Nothing says “Bro, you’re jacked!” like big arms. At least, that’s what us guys tell ourselves. Filling out a sleeve when you put on a shirt is the ultimate milestone especially for someone who struggled to add size their whole life.
C’mon Arms! Don’t let me down!
A funny thing about biceps, that even I have trouble accepting today. They get plenty of stimulus from all the pulling work you (should) be doing for back.
Lesson One - If you have 15+ sets/week of direct bicep work, and your biceps STILL aren’t growing? You’re doing too much
The Reality - What seems like 15 sets to you, actually becomes 20-25+ sets when you factor in that every time you do pull-ups, rows, lat pulls, etc. The biceps are still getting a lot of stimulus from those. Sure they aren’t as direct as a curl, but 6 sets of back work should really be seen more as 3 extra sets of bicep work added to your weekly volume. If you are doing 15+ weekly sets, try lowering it to 8-10 weekly sets (that includes back work. Just count those as half the amount).
Lesson Two - If you don’t feel the muscle working, it isn’t being maximally stimulated. For such a small muscle group, I find this rule even more important because it’s so easy to forget.
The Reality - Focus on being able to hit a peak contraction on each exercise. Play around with SLIGHT changes to the angle to see if you feel a better contraction more in different areas. Being a smaller muscle group you can take these exercises and reps to failure. It is not as taxing on the nervous system, so as long as you find you are recovering and making progress week to week you should be at least only leaving 1-2 reps left in the tank.
Tension should never leave that muscle during a set. No more quick breath breaks when you have the weights down on a curl so you can get ready to swing it for the next rep. The bicep needs to ALWAYS be flexed even at the bottom. Act as though, if you stop flexing your bicep at any given point, you are no longer allowed to continue the lift. You’ll get humbled real quick as to how much weight you can actually handle. That’s ok, that means there is so much untapped muscle gain around the corner now.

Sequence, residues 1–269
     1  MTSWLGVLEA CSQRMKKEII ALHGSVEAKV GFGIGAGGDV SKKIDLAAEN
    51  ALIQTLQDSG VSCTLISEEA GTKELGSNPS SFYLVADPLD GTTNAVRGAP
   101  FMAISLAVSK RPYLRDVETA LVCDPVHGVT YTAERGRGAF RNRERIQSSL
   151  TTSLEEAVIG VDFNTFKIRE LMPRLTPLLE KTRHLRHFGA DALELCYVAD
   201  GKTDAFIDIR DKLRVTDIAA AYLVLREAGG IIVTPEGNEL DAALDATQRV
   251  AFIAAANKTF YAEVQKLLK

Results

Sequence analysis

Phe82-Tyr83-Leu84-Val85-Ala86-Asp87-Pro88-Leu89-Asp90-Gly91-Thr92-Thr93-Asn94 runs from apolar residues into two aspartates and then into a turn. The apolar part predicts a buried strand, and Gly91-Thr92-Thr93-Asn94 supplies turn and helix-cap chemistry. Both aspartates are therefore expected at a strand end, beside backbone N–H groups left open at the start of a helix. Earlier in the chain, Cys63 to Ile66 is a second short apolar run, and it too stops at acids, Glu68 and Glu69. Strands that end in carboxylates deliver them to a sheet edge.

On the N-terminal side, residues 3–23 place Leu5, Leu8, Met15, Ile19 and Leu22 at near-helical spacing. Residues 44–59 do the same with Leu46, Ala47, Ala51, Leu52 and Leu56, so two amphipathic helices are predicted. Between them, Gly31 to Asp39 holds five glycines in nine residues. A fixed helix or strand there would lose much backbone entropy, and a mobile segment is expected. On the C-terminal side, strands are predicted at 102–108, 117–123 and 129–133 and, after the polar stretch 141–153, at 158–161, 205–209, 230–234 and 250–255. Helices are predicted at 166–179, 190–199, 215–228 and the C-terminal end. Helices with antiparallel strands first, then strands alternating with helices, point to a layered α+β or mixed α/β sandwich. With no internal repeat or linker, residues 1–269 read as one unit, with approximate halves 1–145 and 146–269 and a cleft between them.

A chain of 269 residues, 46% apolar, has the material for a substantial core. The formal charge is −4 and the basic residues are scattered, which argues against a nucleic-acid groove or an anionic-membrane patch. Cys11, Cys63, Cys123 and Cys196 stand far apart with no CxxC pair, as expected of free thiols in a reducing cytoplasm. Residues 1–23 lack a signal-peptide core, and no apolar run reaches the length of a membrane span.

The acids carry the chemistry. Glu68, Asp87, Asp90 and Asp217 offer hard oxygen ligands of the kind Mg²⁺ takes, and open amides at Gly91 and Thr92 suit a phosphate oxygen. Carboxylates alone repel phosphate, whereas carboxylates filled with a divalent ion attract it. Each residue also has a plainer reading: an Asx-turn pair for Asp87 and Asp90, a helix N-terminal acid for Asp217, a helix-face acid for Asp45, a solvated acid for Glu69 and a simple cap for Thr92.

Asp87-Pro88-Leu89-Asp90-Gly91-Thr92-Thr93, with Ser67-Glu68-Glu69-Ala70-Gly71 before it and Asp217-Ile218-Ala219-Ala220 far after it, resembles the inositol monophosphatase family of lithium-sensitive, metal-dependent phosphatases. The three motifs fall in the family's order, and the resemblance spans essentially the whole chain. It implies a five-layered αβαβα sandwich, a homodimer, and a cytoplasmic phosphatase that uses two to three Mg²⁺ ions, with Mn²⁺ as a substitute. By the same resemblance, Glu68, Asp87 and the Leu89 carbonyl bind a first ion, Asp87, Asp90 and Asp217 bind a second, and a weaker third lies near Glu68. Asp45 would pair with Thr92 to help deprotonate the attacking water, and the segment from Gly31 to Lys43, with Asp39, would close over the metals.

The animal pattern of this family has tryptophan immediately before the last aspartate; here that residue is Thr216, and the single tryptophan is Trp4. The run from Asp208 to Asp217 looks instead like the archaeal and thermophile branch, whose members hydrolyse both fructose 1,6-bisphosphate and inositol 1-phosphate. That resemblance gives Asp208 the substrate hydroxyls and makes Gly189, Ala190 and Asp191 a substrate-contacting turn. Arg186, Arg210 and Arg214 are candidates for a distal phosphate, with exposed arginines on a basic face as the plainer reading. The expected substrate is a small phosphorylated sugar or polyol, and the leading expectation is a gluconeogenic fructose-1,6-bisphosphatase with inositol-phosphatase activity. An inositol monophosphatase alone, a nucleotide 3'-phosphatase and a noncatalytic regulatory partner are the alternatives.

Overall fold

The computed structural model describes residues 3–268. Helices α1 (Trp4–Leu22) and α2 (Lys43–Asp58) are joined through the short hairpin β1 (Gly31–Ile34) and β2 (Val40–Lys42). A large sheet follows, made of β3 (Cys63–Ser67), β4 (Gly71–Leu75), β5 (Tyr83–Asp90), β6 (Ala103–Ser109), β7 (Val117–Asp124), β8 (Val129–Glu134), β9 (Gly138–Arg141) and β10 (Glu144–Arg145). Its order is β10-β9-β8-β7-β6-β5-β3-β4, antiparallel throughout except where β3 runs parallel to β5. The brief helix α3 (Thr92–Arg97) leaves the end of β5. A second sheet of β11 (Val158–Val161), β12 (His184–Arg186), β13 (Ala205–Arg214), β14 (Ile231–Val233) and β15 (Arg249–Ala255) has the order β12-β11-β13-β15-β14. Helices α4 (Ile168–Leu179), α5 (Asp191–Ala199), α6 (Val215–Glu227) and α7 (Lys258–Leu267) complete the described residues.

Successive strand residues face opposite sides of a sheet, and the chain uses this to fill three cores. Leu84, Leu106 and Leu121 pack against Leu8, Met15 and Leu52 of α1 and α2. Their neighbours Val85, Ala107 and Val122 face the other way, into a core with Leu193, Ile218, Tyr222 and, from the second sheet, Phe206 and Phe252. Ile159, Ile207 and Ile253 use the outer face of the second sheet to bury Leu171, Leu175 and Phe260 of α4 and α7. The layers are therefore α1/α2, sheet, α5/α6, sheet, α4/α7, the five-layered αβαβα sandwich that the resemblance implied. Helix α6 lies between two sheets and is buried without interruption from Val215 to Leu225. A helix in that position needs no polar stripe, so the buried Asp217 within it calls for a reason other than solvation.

The New Plan
I have other articles on body parts and specific programming, so feel free to check those out if you need a full overhaul. For those who like their current program, but need a checklist to make sure they’re maximizing the muscle growth potential here’s what you NEED in your program to guarantee leg growth. Without these your legs WON’T grow.
Sample Routine - These can be added into your workout day that you see fits. Usually a pull day, back/bi day, or full body.
Bicep Day 1
Barbell Bicep curl - 2 sets of 6-8
Dumbbell Hammer Curl - 2 sets of 6-8
Bicep Day 2 (make sure to have 1-2 days of no bicep or pulling work in between these two days)
Preacher Curl - 2 sets of 6-8
Dumbbell Curl - 2 sets of 6-8
I know this probably looks like a LOT less than you are used to, but keep in mind this is still 8 total weekly sets. If you are training back you likely have somewhere around at LEAST 12-15 sets (which equates to 6-7 extra sets of secondary bicep work). You want QUALITY of quantity.
-Because we are lowering the direct sets, MAKE IT COUNT. FLEX, FLEX, FLEX ALL THE TIME!
-Only add weight when you can KEEP that steady, always flexed pace throughout the full range of motion, at a given weight for 6-8 reps. The moment you can’t stay constantly squeezed for the entire range will show your current work capacity. This is a good thing cause it shows you are actually working for once.
-You should feel a little sore the next day. If you are so sore you can barely curl your arms, pull back 2 sets. If you don’t feel soreness at all, add 1-2 sets. A little soreness is a great sign. It means you are now hitting the target area and signaling growth.